Text Box: This is the new arrangement of my equation, so this is now entered into my spreadsheet.

This equation fails because the gradient of the line is greater than

1, hence steeper than the y=x line.

Comparison of methods

In order to draw a conclusion about the easiest numerical method to

use, it is important to ensure that the same equation is used for each

method, and then the ease and speed of convergence to the root

assessed.

I decided to use the same equation as I did for my successful change

of sign method, which was y=5x3-7x+1. I then drew the graph of this

again, as shown below.

[IMAGE]

Next, I had to ensure the root of the equation 5x3-7x+1=0 could be

found using the Newton Raphson method and the rearrangement method,

both graphs respectively are found below

[IMAGE]

[IMAGE]

I can see that a root in the interval [0, 1] can be found using each

method. We need to look at the spreadsheets however to make sure that

the same root is found exactly to a given number of decimal places, I

have chosen to round to five. All of the formulae entered into the

spreadsheets are the same as shown in the individual analyses

previously.

Change of sign method

y=5x^3-7x+1

a

b

(a+b)/2

f(a)

f(b)

f((a+b)/2)

0.0000000000

1.0000000000

0.5000000000

1.0000000000

-1.0000000000

-1.8750000000

0.0000000000

0.5000000000

0.2500000000

1.0000000000

-1.8750000000

-0.6718750000

0.0000000000

0.2500000000

0.1250000000

1.0000000000

-0.6718750000

0.1347656250

0.1250000000

0.2500000000

0.1875000000

0.1347656250

-0.6718750000

-0.2795410156

0.1250000000

0.1875000000

0.1562500000

0.1347656250

-0.2795410156

-0.0746765137

0.1250000000

0.1562500000

0.1406250000

0.1347656250

-0.0746765137

0.0295295715

0.1406250000

0.1562500000

0.1484375000

0.0295295715

-0.0746765137

-0.0227093697

0.1406250000

0.1484375000

0.1445312500

0.0295295715

-0.0227093697

0.0033770204

0.1445312500

0.1484375000

0.1464843750

0.0033770204

-0.0227093697

-0.0096745566

0.1445312500

0.1464843750

0.1455078125

0.0033770204

-0.0096745566

-0.0031508496

0.1445312500

0.1455078125

0.1450195313

0.0033770204

-0.0031508496

0.0001125667

0.1450195313

0.1455078125

0.1452636719

0.0001125667

-0.0031508496

-0.0015192713

0.1450195313

0.1452636719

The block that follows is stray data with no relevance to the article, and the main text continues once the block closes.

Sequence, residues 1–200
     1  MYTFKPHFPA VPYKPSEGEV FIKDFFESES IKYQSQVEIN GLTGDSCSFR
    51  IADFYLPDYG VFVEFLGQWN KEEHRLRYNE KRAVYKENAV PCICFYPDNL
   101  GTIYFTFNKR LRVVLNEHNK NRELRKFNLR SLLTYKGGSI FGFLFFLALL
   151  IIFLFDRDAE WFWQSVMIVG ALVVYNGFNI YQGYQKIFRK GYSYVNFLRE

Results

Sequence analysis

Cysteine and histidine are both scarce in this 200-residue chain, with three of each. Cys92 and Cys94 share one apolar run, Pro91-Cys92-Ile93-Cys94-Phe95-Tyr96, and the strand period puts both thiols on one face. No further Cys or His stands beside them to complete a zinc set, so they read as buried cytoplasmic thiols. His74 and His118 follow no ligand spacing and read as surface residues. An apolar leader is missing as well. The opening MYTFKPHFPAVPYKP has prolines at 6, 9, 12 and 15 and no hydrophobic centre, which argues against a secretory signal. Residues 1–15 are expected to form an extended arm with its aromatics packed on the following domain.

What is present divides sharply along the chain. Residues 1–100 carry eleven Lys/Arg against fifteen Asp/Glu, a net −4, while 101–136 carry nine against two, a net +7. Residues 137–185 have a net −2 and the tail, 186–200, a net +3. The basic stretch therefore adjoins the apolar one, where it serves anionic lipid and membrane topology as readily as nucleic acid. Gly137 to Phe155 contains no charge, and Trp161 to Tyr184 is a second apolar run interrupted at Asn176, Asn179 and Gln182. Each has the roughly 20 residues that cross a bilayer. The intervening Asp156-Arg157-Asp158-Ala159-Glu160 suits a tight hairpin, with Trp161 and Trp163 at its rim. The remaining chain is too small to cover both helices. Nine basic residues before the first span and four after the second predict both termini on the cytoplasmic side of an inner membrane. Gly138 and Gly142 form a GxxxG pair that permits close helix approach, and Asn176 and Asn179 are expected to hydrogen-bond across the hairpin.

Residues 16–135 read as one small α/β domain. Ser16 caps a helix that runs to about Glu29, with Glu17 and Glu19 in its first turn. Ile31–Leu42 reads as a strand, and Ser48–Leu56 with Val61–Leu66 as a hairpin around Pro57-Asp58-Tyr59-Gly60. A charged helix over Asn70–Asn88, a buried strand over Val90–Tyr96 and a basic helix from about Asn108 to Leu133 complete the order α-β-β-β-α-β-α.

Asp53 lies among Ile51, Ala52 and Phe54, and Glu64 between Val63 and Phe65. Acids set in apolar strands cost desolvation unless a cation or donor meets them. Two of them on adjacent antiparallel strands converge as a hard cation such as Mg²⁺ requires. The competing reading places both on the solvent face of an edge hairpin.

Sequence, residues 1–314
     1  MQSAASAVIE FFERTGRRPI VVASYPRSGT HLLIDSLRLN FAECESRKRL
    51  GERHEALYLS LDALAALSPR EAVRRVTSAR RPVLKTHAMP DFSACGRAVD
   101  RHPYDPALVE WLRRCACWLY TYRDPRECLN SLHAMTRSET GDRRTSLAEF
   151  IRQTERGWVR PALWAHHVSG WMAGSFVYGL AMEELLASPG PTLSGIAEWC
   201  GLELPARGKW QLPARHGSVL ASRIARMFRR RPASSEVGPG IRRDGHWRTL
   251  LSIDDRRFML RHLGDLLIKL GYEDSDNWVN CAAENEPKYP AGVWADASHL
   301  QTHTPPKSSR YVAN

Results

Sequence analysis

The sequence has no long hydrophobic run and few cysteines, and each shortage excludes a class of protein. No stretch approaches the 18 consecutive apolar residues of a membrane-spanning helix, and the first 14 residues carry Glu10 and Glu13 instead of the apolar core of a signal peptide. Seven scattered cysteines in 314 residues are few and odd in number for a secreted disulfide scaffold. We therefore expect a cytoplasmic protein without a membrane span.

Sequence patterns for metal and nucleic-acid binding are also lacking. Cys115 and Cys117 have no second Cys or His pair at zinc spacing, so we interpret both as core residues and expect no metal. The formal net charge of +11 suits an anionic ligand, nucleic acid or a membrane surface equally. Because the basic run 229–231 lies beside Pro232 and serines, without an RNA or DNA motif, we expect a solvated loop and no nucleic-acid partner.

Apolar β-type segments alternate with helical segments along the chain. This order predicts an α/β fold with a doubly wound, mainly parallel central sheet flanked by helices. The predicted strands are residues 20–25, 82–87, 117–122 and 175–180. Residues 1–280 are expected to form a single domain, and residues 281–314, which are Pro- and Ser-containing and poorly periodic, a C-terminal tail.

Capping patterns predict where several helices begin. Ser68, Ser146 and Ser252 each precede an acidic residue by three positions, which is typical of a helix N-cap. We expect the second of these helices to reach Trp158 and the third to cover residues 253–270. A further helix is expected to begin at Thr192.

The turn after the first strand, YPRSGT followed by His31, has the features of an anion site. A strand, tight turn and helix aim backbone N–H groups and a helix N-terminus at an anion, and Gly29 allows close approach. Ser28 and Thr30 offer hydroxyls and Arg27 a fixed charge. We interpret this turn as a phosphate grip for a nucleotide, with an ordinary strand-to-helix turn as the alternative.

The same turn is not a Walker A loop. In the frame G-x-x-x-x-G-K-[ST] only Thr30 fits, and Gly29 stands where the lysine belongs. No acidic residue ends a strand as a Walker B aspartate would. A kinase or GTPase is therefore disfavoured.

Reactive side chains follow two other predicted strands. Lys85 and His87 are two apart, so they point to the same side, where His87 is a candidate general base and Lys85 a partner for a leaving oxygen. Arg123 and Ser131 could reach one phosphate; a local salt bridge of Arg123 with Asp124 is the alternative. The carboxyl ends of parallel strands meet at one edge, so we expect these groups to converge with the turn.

0.1451416016

0.0001125667

-0.0015192713

-0.0007033847

0.1450195313

0.1451416016

0.1450805664

0.0001125667

-0.0007033847

-0.0002954171

0.1450195313

0.1450805664

0.1450500488

0.0001125667

-0.0002954171

-0.0000914272

0.1450195313

0.1450500488

0.1450347900

0.0001125667

-0.0000914272

0.0000105693

0.1450347900

0.1450500488

0.1450424194

0.0000105693

-0.0000914272

-0.0000404291

0.1450347900

0.1450424194

0.1450386047

0.0000105693

-0.0000404291

-0.0000149299

0.1450347900

0.1450386047

0.1450366974

0.0000105693

-0.0000149299

-0.0000021803

0.1450347900

0.1450366974

0.1450357437

0.0000105693

-0.0000021803

0.0000041945

0.1450357437

0.1450366974

0.1450362206

0.0000041945

-0.0000021803

0.0000010071

0.1450362206

0.1450366974

0.1450364590

0.0000010071

-0.0000021803

-0.0000005866

0.1450362206

0.1450364590

0.1450363398

0.0000010071

-0.0000005866

0.0000002102

Newton Raphson

y=5x^3-7x+1

0.000000000000000

0.142857142857143

0.142857142857143

0.145034843205575

0.145034843205575

0.145036371205923

0.145036371205923

0.145036371206683

0.145036371206683

0.145036371206683

0.145036371206683

0.145036371206683

0.145036371206683

0.145036371206683

Rearrangement:(5x3+1)/7

x

g(x)

0

0.142857143

0.142857143

0.144939608

0.144939608

0.145032012

0.145032012

0.145036175

0.145036175

0.145036362

0.145036362

0.145036371

0.145036371

0.145036371

0.145036371

0.145036371

0.145036371

0.145036371

0.145036371

0.145036371

0.145036371

0.145036371

0.145036371

0.145036371

From the spreadsheets we can see that the root of this equation to

five decimal places is 0.14504. The change of sign takes the longest

to converge to the root, taking 21 rows to find it. The Newton Raphson

and rearrangement methods were both very quick to converge, however

the Newton Raphson found it in 4 rows, whereas the rearrangement took

5.

The change of sign method is also very complicated to set up a

spreadsheet for because it has many different columns and it would be

easy to make a mistake when entering a formula, which would make the

whole spreadsheet useless. The rearrangement method can also be

difficult because of errors made when rearranging the equations; this

can take time and be difficult to find one that is able to find the

root. Also two graphs have to be drawn, which did not prove to be

difficult for me using autograph, but by hand, there is more chance of

error. However, the spreadsheet is easy to set up and use. On the

whole I conclude that the Newton Raphson method is the best method to

use because the spreadsheet is relatively easy to set up, only one

graph has to be drawn, no rearrangements have to be found and for this

equation, and most others, the Newton Raphson method found the root

the quickest.

For this investigation I used several different types of software on

my computer. For the spreadsheets I use edexcel, which was easy to use

and much more efficient than trying to work out f(x) or g(x) for each

line. Autograph was another very useful program because the graphs are

drawn neatly and accurately, with no chance of error, and is also very

quick to use. The other benefit of autograph is that there are certain

functions that can be used, such as the Newton Raphson lines and g(x)

iteration lines can be drawn on the graph in autograph.

I used two different types of hardware, my computer with all the

programmes listed above and my graphics calculator. The computer was

much easier to use because it has a larger screen which I can zoom in

on, and more than one thing can be looked at at one time. The graphics

calculator was also unreliable and often difficult to pinpoint the

exact root that I was trying to look for.